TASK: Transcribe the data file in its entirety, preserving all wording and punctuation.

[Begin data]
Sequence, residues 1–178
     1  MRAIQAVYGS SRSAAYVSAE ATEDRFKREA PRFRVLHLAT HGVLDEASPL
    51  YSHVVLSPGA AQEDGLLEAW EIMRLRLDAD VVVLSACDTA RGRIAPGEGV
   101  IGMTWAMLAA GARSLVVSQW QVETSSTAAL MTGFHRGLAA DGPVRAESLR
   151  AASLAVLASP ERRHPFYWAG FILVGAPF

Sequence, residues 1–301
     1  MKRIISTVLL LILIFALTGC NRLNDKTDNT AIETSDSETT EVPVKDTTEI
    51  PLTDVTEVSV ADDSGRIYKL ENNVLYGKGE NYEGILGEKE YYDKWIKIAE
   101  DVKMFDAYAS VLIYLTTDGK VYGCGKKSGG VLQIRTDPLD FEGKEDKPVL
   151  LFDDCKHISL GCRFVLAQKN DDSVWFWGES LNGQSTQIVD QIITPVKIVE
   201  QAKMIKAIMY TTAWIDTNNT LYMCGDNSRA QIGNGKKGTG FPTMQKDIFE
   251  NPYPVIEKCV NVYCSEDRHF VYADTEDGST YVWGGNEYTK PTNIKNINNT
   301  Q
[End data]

Sequence, residues 1–178
     1  MRAIQAVYGS SRSAAYVSAE ATEDRFKREA PRFRVLHLAT HGVLDEASPL
    51  YSHVVLSPGA AQEDGLLEAW EIMRLRLDAD VVVLSACDTA RGRIAPGEGV
   101  IGMTWAMLAA GARSLVVSQW QVETSSTAAL MTGFHRGLAA DGPVRAESLR
   151  AASLAVLASP ERRHPFYWAG FILVGAPF

Sequence, residues 1–301
     1  MKRIISTVLL LILIFALTGC NRLNDKTDNT AIETSDSETT EVPVKDTTEI
    51  PLTDVTEVSV ADDSGRIYKL ENNVLYGKGE NYEGILGEKE YYDKWIKIAE
   101  DVKMFDAYAS VLIYLTTDGK VYGCGKKSGG VLQIRTDPLD FEGKEDKPVL
   151  LFDDCKHISL GCRFVLAQKN DDSVWFWGES LNGQSTQIVD QIITPVKIVE
   201  QAKMIKAIMY TTAWIDTNNT LYMCGDNSRA QIGNGKKGTG FPTMQKDIFE
   251  NPYPVIEKCV NVYCSEDRHF VYADTEDGST YVWGGNEYTK PTNIKNINNT
   301  Q